How the Bloom Box works

Today is the official unveiling of the Bloom Box by Bloom Energy, so we’ll hopefully be getting more and more information on this innovative new fuel cell.

The Christian Science Monitor has an article that nicely summarizes how the technology works.

In case you’ve not read how the Bloom Box system works, each “power plant-in-a-box” come chock full of thin fuel cells, bundled and packaged into an outdoor-safe case. The individual cells soak up oxygen on one side, “and fuel on the other. The two combine within the cell to create a chemical reaction that produces electricity,” reported CBS last night. “There’s no need for burning or combustion” but it still requires some form of fuel to work. What kind is up to the owner.

“Our system can use fossil fuels like natural gas. Our system can use renewable fuels like landfill gas, bio-gas,” Sridhar says. “We can use solar.”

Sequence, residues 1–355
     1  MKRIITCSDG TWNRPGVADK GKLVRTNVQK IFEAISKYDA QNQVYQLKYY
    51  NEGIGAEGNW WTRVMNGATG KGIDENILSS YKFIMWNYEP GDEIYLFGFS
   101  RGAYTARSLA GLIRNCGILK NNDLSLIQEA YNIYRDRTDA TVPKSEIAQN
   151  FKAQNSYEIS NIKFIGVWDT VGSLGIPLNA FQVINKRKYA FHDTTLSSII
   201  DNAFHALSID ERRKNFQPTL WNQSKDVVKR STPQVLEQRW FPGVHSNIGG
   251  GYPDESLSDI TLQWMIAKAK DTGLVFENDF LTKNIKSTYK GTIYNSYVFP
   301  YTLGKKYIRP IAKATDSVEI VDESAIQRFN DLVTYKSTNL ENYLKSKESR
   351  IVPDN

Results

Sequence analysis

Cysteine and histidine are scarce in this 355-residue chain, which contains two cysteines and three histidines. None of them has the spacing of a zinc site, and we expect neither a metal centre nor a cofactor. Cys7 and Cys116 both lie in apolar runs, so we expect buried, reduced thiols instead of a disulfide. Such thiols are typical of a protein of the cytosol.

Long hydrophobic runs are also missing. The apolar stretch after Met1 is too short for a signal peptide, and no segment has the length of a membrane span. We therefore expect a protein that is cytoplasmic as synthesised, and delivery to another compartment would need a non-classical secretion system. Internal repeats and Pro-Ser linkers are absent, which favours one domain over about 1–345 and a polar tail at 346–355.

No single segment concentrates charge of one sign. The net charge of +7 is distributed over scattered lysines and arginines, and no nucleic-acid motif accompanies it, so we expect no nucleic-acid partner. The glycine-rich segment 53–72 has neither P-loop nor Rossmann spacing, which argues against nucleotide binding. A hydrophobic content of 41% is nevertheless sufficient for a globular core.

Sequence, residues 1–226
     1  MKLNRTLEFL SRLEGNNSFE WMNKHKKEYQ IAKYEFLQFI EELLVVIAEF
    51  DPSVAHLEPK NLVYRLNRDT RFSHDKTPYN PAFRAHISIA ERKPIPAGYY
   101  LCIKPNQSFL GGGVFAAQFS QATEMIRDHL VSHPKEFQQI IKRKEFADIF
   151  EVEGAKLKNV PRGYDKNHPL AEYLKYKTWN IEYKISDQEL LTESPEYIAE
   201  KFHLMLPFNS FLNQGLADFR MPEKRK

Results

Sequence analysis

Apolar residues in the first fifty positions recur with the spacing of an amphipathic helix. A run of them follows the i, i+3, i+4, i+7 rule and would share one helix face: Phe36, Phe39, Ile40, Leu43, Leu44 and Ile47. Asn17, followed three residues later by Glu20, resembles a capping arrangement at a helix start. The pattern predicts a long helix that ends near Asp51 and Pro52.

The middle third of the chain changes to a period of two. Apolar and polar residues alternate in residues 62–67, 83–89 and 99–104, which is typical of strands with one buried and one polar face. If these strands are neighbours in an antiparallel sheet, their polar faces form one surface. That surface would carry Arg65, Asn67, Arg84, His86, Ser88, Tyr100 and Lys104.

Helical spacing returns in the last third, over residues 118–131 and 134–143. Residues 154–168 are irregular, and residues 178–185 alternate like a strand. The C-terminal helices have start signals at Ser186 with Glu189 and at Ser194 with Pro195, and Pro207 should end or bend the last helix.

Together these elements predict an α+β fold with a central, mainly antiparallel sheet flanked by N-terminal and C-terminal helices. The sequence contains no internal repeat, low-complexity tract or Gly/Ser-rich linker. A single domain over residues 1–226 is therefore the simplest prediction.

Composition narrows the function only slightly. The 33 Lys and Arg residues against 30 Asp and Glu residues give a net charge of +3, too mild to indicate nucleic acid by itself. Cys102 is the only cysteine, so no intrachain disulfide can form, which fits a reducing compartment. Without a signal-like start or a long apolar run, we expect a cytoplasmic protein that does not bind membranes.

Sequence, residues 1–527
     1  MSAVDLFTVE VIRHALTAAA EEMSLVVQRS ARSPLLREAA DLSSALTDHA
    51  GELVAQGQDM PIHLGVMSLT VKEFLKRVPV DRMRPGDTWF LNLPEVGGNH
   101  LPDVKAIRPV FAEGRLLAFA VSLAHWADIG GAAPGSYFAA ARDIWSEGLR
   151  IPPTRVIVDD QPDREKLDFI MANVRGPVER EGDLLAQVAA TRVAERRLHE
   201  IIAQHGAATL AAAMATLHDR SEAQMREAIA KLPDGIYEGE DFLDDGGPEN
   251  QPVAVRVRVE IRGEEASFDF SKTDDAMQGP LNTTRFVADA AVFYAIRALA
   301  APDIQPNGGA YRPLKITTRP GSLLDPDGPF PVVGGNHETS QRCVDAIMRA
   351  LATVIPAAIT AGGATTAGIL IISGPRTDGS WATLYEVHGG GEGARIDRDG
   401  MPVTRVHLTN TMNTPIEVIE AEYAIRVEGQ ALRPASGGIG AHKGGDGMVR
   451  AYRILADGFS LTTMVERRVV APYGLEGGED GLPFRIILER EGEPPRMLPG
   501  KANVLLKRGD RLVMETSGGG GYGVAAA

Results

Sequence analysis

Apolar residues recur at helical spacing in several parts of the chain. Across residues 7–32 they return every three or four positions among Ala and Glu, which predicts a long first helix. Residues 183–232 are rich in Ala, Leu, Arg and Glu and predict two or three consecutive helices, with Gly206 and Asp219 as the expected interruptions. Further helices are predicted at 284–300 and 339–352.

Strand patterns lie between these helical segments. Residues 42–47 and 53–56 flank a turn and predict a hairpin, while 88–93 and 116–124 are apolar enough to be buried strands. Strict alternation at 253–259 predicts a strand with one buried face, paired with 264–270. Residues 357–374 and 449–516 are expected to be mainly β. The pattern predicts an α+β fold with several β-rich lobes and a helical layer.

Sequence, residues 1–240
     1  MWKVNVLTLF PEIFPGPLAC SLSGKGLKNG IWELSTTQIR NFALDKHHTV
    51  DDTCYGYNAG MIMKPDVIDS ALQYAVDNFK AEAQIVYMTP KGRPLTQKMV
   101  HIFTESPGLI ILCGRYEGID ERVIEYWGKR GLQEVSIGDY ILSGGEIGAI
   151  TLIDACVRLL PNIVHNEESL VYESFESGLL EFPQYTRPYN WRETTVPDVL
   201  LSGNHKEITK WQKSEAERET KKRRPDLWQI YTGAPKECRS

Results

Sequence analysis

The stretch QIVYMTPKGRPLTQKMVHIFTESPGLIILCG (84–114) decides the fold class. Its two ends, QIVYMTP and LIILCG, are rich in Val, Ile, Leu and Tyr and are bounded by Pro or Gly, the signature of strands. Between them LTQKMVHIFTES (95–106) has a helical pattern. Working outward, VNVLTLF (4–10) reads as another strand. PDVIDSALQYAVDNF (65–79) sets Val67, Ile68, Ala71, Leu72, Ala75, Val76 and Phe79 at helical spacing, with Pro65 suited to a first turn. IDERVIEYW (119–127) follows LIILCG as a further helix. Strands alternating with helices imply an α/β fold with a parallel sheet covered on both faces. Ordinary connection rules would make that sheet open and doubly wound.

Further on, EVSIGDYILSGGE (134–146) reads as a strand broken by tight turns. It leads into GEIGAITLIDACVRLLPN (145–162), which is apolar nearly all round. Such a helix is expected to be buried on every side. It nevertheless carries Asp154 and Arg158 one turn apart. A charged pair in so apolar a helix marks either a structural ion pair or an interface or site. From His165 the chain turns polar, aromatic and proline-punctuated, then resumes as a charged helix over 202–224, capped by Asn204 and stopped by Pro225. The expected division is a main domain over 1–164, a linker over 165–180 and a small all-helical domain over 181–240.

In some cases, CO2 is still being emitted by whatever power is feeding the Bloom Box. Rather than calling this new device “zero emission energy,” maybe it’s better to think of it as a booster pack for already-green sources and as an impressive new filter for dirty ones.

Also, The New York Times reports that the Bloom Box generates electricity at competitive rates.

Mr. Sridhar said the Bloom Energy Server has been generating electricity at a cost of 8 to 10 cents a kilowatt-hour.

In California, where Bloom has installed 30 fuel-cell systems, commercial electricity rates averaged about 14 cents a kilowatt-hour in October 2009, according to the latest figures from the United States Department of Energy. Elsewhere, commercial rates averaged 7 to 24 cents a kilowatt-hour.

Last July, eBay flipped the switch on five Bloom Energy Servers that now supply 15 percent of the electricity at its San Jose, Calif., campus, or about five times as much energy as generated by its 3,248 solar panels, according to Amy Skoczlas Cole, director of the company’s Green Team.

“We’re expecting a three-year payback period,” said Ms. Skoczlas Cole, adding that the calculation includes state and federal tax incentives that halved the price of the fuel cells.

Very impressive!

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